Written by Matthew Slinn
Images by Axel Raven/Hubba Kimbrel

The Talent Factories of the SFL

Glancing Into the Near Past

The SFLm was devised 4 seasons ago to accommodate new players to the SFL and to ensure that interest could be maintained within the league during the SFL off-season. The expected outcomes of this ‘Minor League‘ was a greater player retention, especially amongst rookies who eagerly awaited a shot in the pros. Little did we know that the SFLm would become rich with so much talent that the players who emerged from each team would shape the SFL into what it is today. Sceptics of the ‘Minors‘ were a rarity when it first kicked off a couple of years ago, but I can’t imagine that number being higher than zero now. The young players getting drafted onto pro teams increase in ability as each season passes, and I fully expect the S18 Draft to be no exception to this rule. For now, we will take a look back over the talent that has emerged from the first three seasons of the SFLm and assess each individual’s impact on the league whilst fighting for victory on the field. I have chosen five players from each SFLm franchise – a task that proved to be a darn sight tougher than I rather naively thought it would be. In this first edition, we will take a look at the Salt Lake City Rustlers – a team that has spent two seasons in the SFLm, winning it all a season ago. Considering the Rustlers have clinched the SFLm Championship, you would expect this list to be top drawer. Let’s see who made the final cut.

NOTE: It is important to know that I have not counted players who did not play in Season 17 of the SFL. Whilst a few retirees had excellent seasons in 15 or 16, I would personally like to honor those who are still prepared to take the hits on the field.

#5) Isaiah King II – Free Safety, Denver Nightwings (Season 17 Draft)

Free Safety Isaiah King II has only spent one season in the SFL but has quickly become a key member of the Denver Nightwings secondary as they try to recover from losing the spine of Season 16’s championship winning roster. King has settled in nicely as the third safety and his levels of production have stayed consistent with what he managed in Salt Lake City. The young defender has continually shown an eye for the ball, making 4 interceptions this season, good for 3rd on the Denver Nightwings defense. King complemented this with 8 pass deflections and a glimpse at how he performs in contact situations, making between 3 and 4 tackles per game whilst forcing a fumble. The future looks bright for King – Denver could have a league-leading safety on their hands a couple of seasons from now.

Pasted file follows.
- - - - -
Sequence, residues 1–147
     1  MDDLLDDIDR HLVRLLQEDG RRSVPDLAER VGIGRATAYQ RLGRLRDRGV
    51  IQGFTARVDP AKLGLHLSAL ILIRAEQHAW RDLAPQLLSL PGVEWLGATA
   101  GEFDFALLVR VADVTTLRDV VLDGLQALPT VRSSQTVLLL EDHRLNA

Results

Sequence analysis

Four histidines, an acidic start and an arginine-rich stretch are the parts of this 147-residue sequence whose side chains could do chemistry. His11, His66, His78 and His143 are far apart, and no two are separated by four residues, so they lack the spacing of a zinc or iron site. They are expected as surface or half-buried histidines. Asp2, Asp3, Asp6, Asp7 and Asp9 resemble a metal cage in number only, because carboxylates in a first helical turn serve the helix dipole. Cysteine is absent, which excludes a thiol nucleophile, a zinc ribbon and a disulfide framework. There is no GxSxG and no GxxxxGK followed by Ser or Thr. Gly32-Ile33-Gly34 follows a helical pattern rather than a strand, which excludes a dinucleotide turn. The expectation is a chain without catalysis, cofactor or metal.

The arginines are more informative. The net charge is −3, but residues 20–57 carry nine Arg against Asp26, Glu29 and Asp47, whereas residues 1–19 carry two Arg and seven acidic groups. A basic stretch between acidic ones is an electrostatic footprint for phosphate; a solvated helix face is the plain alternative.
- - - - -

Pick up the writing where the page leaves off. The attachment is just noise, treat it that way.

#4) Jahrad Brodie – Cornerback, Mexico City Aztecs (Season 17 Draft)

The next name on our list is also a former member of Salt Lake City’s championship-winning secondary – cornerback, Jahrad Brodie, an Australian whom has already experienced the bright lights of the playoffs. The 6’2 Brodie is another Rustler who carried traits shown in the SFLm to the SFL, and only improved their effectiveness. As part of a very green cornerback room, Brodie quickly established himself as the best of the bunch, taking the #1 spot enabling him to work against the best receivers in the SFL. The man from ‘Down Under’ showed his class all season, tying potential Hall-of-Fame safety Jeffery Daggs for pass deflections and interceptions (6 PDs and 7 INTs respectively) whilst also forcing a fumble. Clearly unafraid of the big occasion, Brodie excelled in Mexico City’s playoff run, intercepting the ball 3 times and proving to be a dangerous man for opposing QBs to throw to. Whilst Brodie did get beat on occasion, the sky is the limit. Next season could see him knocking on the door of the elite.

#3) Kris Magle – Strong Safety/Cornerback (Season 16 Draft)